- The poor widow who broke the seal on the little pot of oil, and it poured forth, whereby God multiplied it to pay her debts and her sons didn’t have to be taken as bondmen.
- Queen Esther risking her life, breaking through the rigid etiquette of a heathen court, thus obtaining favor to rescue her people from death.
- Jesus taking the five loaves of bread, breaking them, and in the act of breaking, there was sufficient to feed 5,000.
- Mary breaking her alabaster box, rendering it useless, but this allowed the perfume to fill the house.
- Jesus allowing His body to be broken by thorns, nails, and the spear, so that His life was poured out for us to live.
God must have broken things — throughout all plant life, all history, all the great biographical accounts, and in all spiritual life, this fact is preeminent.
Why should we then shrink from those things, which may break us at some point? If we will but allow Him, the brokenness we experience can be used for our purer good and for God’s glory. Such brokenness may come in the form of being broken in wealth, half-will, ambitions, ideals, reputation, affections, and even brokenness in health. Remember the final tally of life is not seen in the here and now. Can you, like James wrote, “Count it all joy?”
CHANGED LIVES-one at a time
Dear Jack and Rexella Van Impe,
I just wanted to take a moment to say how very much I appreciate the two of you. Thank you for preaching the uncompromising truth of God’s word and for refusing to water it down to be “politically correct.” I’ve been a Christian for many years, but didn’t start watching your particular program on TV until a couple of years ago. It’s getting harder to find preachers and teachers who will preach the real Gospel anymore. May the Lord bless you both abundantly. I love you both dearly and pray for your strength, health, and safety right now as we begin 2018. I look forward to meeting you in the next life if not in this one.
Warmly in Christ’s Love,
Hello, my name is Cheryl H. and the Lord directed me to watch your show about 10 years ago. I was struggling with drugs, alcohol and cigarettes, believing that was the only way to live. I lost care of my children and respect of my family. But God, through Jesus Christ, saw fit to introduce Himself to me and my family, and today we are all doing well. I want to praise with you as I see Him working with you and through you to enlighten us of how to prepare for His return. I love to hear you both speak and am very glad you are on audio and video. God has got a way that’s mighty sweet! I pray strength for both of you and will be on guard to hear what the spirit is saying to the church! Bless you!!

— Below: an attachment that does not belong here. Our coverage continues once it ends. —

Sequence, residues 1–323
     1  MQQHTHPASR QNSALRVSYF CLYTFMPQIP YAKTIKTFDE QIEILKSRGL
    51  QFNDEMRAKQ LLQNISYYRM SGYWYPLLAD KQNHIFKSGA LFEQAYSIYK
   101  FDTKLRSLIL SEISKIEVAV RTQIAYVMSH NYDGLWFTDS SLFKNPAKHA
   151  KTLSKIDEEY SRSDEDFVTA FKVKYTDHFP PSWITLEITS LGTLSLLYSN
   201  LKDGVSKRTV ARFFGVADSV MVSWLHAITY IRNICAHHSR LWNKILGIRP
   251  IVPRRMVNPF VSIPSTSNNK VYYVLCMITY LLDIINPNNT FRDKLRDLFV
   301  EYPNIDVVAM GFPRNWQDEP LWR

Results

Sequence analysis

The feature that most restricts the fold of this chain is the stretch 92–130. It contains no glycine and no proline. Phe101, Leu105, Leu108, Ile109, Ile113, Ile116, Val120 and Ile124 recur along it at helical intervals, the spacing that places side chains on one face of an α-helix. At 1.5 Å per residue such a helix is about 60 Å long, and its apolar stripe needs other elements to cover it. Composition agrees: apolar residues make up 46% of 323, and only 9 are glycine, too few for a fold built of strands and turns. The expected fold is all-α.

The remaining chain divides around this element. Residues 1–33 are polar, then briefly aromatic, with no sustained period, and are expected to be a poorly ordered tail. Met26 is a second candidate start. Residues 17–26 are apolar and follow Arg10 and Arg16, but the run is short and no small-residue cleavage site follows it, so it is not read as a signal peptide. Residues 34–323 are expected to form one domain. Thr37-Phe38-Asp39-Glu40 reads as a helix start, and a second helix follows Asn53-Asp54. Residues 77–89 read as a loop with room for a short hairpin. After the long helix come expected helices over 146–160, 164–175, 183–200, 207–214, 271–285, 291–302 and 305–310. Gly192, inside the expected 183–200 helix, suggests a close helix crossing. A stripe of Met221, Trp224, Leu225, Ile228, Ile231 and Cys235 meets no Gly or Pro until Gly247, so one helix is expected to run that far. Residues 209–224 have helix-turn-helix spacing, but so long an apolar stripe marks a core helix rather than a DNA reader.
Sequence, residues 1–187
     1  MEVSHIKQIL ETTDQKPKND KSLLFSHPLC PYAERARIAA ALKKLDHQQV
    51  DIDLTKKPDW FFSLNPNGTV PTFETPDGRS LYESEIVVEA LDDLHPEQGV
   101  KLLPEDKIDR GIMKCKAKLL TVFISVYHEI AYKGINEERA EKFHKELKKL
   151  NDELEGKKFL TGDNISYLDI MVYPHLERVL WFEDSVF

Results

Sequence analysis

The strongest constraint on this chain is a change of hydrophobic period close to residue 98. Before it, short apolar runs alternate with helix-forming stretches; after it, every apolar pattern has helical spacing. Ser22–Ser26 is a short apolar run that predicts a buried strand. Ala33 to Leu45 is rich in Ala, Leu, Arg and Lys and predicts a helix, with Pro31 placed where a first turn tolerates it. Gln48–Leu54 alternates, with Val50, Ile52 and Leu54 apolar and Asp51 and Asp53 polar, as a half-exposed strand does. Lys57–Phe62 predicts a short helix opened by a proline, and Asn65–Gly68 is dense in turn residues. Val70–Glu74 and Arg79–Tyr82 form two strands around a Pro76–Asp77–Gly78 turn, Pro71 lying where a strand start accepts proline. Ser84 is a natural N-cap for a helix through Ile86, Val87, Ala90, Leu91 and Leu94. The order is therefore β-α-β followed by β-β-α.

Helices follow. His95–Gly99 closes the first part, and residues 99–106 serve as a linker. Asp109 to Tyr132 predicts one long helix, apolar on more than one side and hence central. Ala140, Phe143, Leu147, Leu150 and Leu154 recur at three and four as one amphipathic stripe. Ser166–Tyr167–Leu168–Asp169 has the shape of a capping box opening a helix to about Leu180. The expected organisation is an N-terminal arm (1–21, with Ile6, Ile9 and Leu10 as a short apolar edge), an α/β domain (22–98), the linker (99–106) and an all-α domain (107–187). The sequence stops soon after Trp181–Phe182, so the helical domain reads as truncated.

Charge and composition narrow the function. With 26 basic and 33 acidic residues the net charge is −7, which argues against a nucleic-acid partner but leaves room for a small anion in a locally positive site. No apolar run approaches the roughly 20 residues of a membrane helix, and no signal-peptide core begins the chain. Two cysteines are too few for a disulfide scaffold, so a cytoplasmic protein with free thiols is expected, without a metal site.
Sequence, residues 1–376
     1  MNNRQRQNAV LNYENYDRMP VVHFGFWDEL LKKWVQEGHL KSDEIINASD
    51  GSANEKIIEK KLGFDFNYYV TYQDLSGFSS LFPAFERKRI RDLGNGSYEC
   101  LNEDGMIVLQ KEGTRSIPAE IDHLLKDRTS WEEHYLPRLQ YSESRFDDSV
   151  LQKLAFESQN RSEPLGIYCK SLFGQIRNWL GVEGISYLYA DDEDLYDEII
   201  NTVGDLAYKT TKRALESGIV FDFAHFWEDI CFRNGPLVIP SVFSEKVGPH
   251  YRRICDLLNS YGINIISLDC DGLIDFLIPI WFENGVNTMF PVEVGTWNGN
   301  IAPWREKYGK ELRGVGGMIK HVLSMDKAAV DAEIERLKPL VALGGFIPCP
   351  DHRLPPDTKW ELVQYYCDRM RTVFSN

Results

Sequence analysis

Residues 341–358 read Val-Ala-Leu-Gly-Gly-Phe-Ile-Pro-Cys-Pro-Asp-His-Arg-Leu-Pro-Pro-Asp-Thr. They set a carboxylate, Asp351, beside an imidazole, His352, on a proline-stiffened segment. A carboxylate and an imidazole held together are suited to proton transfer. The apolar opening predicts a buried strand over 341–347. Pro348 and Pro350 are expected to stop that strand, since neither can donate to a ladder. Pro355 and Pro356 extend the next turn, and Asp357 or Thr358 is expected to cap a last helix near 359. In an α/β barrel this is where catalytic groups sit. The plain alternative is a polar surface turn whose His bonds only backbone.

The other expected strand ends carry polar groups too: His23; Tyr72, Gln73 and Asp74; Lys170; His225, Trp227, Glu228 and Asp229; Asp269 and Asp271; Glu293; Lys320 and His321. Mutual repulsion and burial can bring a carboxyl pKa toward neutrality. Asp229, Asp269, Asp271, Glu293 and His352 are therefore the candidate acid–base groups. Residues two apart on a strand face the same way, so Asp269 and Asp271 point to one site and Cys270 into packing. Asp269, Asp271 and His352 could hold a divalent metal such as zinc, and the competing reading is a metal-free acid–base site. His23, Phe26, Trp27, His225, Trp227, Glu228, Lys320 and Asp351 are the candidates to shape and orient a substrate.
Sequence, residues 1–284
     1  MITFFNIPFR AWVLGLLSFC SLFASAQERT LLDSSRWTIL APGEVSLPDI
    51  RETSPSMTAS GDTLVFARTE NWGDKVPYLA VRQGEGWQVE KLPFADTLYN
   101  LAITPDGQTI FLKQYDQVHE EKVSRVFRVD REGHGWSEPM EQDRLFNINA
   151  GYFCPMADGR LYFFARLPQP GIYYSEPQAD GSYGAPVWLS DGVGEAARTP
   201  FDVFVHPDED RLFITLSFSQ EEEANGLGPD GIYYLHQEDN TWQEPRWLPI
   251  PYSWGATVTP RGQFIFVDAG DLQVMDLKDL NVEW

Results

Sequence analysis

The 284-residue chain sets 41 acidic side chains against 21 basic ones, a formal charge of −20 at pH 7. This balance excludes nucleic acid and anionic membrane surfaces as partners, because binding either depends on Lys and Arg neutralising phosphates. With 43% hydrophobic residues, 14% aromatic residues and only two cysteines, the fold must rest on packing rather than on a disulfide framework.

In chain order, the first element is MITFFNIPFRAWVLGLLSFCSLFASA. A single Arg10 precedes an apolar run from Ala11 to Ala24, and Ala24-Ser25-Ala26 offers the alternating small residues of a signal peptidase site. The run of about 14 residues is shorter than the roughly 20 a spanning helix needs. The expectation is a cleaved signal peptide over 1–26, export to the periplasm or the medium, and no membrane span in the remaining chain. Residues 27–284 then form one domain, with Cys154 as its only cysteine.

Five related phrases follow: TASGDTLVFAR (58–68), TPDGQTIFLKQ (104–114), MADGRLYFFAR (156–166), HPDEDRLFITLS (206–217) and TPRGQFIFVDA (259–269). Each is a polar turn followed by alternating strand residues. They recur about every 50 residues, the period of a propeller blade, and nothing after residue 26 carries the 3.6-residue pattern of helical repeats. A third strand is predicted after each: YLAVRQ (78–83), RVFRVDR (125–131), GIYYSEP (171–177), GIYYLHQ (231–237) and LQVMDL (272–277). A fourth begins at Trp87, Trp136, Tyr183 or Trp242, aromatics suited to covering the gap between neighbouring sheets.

HIGHLIGHTED PRODUCT OFFERS
Prophecy experts Drs. Jack and Rexella Van Impe lay out the evidence that YOU are part of the Rapture generation — the people who will see the coming of Christ and be caught up to meet Him in the air!
In this power-packed teaching, you’ll get answers to critical questions such as:
- What does Armageddon really mean?
- What do recent natural disasters have to do with Jesus’ prophecies of the latter days?
- What are some examples of recent Islamic terrorist attacks?
- What does this have to do with their obeying the Koran?
- Could this be the year that the Lord will return? What are the signs?
- What does the Bible say about terrorism being one of the major signs before the Lord comes back?
- And Many More!
Rampant addictions; a sign of the times? Now you’ll understand how God’s Word previews the bondage of alcoholism and drugs, tobacco, pornography, gambling, and more that we see all around us today as a sign of the soon return of the Savior and the approaching Tribulation.
In this insightful video, Drs. Jack and Rexella Van Impe also reveal hope for you or a loved one who is struggling with a life-controlling addiction, through the power of Jesus Christ. Learn about the biblical perspective on substance abuse – the roots of addiction – how to overcome addictions as notorious as alcoholism or as overlooked as gossip, lying or cursing.